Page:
Gen Z consumers are beginning to flex their economic muscles, bringing different perspectives and expectations than previous generations. Brands need to adapt.
Google has achieved something few other brands have: their brand name has also become a verb. People “google” things every day. Folks direct people to “google” something if they aren’t sure of the answer.
This verb version of Google’s brand name has even found its way into the Oxford Dictionary: to type words into the search engine Google™ in order to find information about somebody/something.
But for some search categories and even a specific up-and-coming generation, Google isn’t the know-it-all search engine it once was. TikTok search is quickly replacing it as the preferred search engine for Generation Z, especially when they’re looking for product recommendations and lifestyle content.
Google bows to TikTok search
Even Google recognizes this trend, acknowledging that both TikTok and Instagram are eating into their search engine monopoly – with 40% of Gen Z preferring those platforms over Google when searching for information.
“We keep learning, over and over again, that new internet users don’t have the expectations and the mindset that we have become accustomed to,” Prabhakar Raghavan, senior VP of Google’s Knowledge & Information organization, told TechCrunch.
One example the Google exec gave is maps. Gen Z didn’t grow up with paper maps, and so the search experience on Google when looking for a place––which leads you to Google maps and map-like directions older generations, including millennials, are more accustomed to––aren’t matching the preferred “visually rich” expectations of younger generations.
That will take several algorithm updates and underlying technology updates on Google’s side to address, but in the meantime, with Gen Z flocking to TikTok – and more and more from other generations doing the same – search marketers’ interests are piqued.
According to a recent Jungle Scout study, 26% of consumers across multiple age groups used social media channels like TikTok and Instagram to start their product search.
Getting results outside of the Google monolith
This isn’t the first time another platform has taken a dig at Google’s search engine monopoly. About 55% of people, according to TechCrunch, go to Amazon first to search for products, bypassing Google entirely. In fact, Amazon has its own search engine algorithm – A9 – and SEO experts on that platform to help folks better rank.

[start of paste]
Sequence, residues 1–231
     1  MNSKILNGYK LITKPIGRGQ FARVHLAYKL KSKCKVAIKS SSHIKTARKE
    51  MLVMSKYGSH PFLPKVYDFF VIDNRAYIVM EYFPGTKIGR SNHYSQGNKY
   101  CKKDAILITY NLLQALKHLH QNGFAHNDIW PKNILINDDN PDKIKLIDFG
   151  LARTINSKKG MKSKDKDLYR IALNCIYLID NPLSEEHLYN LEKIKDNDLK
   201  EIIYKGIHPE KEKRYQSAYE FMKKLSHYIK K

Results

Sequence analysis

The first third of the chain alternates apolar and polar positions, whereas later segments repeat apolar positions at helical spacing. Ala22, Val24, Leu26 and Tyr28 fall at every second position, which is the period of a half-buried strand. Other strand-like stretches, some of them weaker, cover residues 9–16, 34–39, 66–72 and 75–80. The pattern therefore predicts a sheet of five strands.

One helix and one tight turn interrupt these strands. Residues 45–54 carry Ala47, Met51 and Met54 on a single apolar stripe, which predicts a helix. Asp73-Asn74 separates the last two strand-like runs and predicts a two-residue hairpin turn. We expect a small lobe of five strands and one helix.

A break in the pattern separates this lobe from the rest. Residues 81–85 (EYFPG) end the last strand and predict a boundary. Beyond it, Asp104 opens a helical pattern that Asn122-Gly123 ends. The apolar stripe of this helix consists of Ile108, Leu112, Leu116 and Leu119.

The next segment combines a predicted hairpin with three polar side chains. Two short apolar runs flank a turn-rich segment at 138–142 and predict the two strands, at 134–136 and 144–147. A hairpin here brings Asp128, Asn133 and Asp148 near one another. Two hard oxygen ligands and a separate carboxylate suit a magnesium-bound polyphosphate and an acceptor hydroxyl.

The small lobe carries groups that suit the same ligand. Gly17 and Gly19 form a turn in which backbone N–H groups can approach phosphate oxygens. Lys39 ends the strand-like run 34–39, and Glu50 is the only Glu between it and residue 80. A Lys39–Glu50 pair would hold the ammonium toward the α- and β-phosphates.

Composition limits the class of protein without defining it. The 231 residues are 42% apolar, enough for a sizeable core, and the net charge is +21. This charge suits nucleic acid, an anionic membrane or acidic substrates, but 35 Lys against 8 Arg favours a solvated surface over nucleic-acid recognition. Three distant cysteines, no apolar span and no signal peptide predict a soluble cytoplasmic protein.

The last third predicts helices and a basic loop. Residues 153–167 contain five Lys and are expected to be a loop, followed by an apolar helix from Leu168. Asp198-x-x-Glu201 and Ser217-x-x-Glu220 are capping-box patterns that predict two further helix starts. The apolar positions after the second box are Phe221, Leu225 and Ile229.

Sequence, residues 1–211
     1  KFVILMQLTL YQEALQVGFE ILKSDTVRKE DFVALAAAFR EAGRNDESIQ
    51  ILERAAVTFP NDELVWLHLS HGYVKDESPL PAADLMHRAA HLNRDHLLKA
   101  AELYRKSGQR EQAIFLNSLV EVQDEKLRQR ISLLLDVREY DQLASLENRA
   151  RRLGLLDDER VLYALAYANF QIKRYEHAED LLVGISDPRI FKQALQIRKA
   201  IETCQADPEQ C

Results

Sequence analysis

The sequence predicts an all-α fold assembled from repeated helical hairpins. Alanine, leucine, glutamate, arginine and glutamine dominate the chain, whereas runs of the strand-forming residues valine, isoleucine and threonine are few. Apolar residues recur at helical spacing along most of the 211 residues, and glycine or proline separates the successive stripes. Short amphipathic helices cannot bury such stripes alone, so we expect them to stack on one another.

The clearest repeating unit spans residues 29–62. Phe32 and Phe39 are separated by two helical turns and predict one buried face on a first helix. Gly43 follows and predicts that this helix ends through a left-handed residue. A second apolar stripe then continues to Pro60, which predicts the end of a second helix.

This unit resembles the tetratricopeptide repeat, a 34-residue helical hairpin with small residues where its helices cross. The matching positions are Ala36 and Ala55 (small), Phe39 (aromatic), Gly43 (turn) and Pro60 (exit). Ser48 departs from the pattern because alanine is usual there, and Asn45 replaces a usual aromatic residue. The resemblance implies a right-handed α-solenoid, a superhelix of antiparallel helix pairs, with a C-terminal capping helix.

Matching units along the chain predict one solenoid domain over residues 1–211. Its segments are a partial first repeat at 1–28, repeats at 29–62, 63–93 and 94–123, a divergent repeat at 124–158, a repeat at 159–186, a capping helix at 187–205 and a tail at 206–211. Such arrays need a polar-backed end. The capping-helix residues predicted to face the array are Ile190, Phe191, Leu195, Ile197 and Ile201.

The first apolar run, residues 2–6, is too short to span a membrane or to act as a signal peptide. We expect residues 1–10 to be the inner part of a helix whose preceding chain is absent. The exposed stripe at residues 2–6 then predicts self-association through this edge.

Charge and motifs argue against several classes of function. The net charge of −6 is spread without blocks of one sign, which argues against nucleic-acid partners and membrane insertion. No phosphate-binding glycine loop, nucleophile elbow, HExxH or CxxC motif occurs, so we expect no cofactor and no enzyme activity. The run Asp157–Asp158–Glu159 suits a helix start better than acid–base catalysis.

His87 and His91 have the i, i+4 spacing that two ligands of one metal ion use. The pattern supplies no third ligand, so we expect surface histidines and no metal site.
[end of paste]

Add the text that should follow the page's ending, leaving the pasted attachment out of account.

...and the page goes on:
It’s likely we’ll soon see the same happening over on TikTok, where TikTok consultants and experts are already selling services to marketing organizations looking to learn the platform, and grow an audience.
The organic play here is really important, because so far, brands are seeing a bigger lift from organic on TikTok than paid – though that might not last.
“I know creators with 500 followers who had a TikTok viewed 900,000 times,” Jason Wong, founder of Doe Lashes, told MarketerHire. “That doesn’t happen on YouTube. Right now, even if [TikTok] ads were free for us, our organic content would still perform better from a marketing standpoint.”
How exactly is Gen Z using this TikTok for search? Well, similar to Pinterest, Mashable explains.
“I’ll search ‘thrifting in Paris’ or ‘restaurants in Lisbon’ and save the things that look good to a little folder to refer back to. I also have a little recipe folder. [I am a] big fan of the folder feature,” Amanda Cash, a 22-year-old law school student, told Mashable.
User-generated content can be gold for marketing. Find out how brands can leverage the hot social media platform to engage buyers.
Leaning into TikTok search: tips for brands
For brands looking to get in on this organic TikTok search action, it doesn’t have to cost you a lot. Brands are experimenting right now, but Wong says that what is working best for them are the following:
- Behind-the-scene videos of how a product is made
- Product reviews
- Product applications, including unconventional ones – even if they’re just funny.
- General hacks – like beauty hacks for brands in the beauty space.
The one potential downside to TikTok that has some brands unsure of how to invest, if at all? Foreign relations.
TikTok is a Chinese company, and under the Trump administration, there was talk of banning TikTok entirely in the U.S. In 2020, India followed through on such threats, banning both TikTok and Shein, a popular online shop also out of China.
So far, it doesn’t seem like the U.S. will be taking similar measures in the near future, but politicians are looking more and more at social media and digital media companies in general, including Meta, Google, Apple, and Twitter for how they regulate data privacy, use consumer data, and much more.
For now, TikTok is the new, beloved social media platform where organic search is growing, and incredibly effective for brands that can crack both the TikTok algorithm and the way to Gen Z’s wallet.